The second idea involves the lightest particles in the universe, neutrinos, which are a billion times lighter than an electron. This idea theorizes that neutrinos have heavy friends known as steriles. These neutrinolike particles that spin in the opposite direction were initially proposed as the simplest way to explain how neutrinos have a mass at all. It was found that if these steriles exist, however, they like to decay into antineutrinos slightly more often than neutrinos.

Until now, physicists have believed  that the first explanation was testable, while the second was not. A giant machine in Switzerland known as the Large Hadron Collider is testing whether the physics needed to make the universe boil really exists. The steriles, on the other hand, have to be at least a million times heavier than anything that can be produced at the Large Hadron Collider.

But the game changed with the discovery of gravitational waves. The universe is no longer see-through to light when we try to look earlier than its millionth birthday — an impenetrable veil is created by the extreme density and heat of the old universe. Yet, the universe is completely transparent to gravitational waves, right back to when the universe was hot enough for these steriles to be common and ensuring our safety from complete annihilation.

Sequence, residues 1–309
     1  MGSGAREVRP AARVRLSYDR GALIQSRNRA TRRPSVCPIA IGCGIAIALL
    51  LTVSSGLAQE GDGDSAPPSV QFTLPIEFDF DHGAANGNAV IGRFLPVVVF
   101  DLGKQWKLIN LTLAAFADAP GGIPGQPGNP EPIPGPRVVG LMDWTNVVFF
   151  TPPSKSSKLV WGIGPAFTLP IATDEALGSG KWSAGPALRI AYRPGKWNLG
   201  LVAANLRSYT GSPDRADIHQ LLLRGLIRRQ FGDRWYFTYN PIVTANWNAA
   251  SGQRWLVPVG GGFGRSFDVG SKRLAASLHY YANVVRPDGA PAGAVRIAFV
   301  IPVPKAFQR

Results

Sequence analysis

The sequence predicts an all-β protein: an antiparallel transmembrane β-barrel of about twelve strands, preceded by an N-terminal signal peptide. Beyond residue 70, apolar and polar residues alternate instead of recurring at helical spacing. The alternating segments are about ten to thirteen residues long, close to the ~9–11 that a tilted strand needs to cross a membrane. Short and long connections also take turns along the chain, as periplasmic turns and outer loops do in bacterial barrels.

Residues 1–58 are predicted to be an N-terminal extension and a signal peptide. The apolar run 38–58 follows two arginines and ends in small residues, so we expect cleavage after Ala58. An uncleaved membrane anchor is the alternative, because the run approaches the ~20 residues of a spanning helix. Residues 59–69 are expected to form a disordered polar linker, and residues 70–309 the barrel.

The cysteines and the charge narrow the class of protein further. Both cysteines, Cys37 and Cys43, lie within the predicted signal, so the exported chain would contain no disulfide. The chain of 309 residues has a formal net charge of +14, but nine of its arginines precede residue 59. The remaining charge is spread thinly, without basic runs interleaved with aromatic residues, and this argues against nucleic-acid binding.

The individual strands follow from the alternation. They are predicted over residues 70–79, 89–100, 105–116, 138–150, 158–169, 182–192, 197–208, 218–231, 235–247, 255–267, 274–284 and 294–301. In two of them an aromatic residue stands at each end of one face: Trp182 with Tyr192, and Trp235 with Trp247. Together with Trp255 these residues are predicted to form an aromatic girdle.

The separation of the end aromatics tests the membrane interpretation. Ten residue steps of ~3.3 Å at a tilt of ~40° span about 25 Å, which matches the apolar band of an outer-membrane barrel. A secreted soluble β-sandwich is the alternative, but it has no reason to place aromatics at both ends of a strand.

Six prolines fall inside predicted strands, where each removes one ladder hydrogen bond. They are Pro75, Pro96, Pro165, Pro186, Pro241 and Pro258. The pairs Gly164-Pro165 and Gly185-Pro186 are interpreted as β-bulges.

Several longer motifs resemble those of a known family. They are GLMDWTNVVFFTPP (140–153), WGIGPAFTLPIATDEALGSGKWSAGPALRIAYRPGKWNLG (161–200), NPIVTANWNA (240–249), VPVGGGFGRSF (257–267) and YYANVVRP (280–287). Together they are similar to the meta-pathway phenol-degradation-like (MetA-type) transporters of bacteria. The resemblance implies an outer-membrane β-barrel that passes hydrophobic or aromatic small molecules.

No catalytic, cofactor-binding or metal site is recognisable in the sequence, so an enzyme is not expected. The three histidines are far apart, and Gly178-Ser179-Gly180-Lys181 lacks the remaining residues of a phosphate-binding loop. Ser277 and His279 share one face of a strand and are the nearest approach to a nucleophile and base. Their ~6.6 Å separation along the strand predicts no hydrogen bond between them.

Scientists from Berkeley, Japan and Vancouver, Canada (including myself) have shown that these steriles can produce a bunch of tiny tubes where they have no mass, known as “cosmic strings.” When this network of strings tries to simplify itself, it produces ripples of gravitational waves. The size of these ripples are big enough to be seen today for the entire range of masses these steriles can have! Most exciting of all, we have shown that one does not have to be lucky for us to see these ripples — they are consistent across space-time.

We categorized all the ways in which the steriles can get a mass and more than half of these ways produced ripples. We also predicted the range in size that these ripples can have, using the fact that the steriles have to have specific properties to explain our existence.

The world is now in a competition to see gravitational waves in many different ways through many different experiments. This race involves the U.S., Europe, China and Japan as major players that have all proposed exciting experiments, and some experiments even have funding and launch dates. We, therefore, compared the sensitivity of proposed experiments that search for gravitational waves with the ripples produced when we were saved from complete annihilation. Between all of these international efforts, nearly the entire range of masses that these steriles can have can be seen over the next few decades.

It is, therefore, more likely than not that these ripples truly exist and will be detectable by proposed experiments. In other words, we would have to be bitterly unlucky to not find the answer to why we are here within our lifetime! The range of time that it will take for these experimental results to come through is a couple of decades. It is the perfect time for those thinking about starting a career in physics to join in on finding the answer to the millennial-old question of how we got here.

Graham White is a postdoctoral fellow at TRIUMF national laboratory in Vancouver, Canada.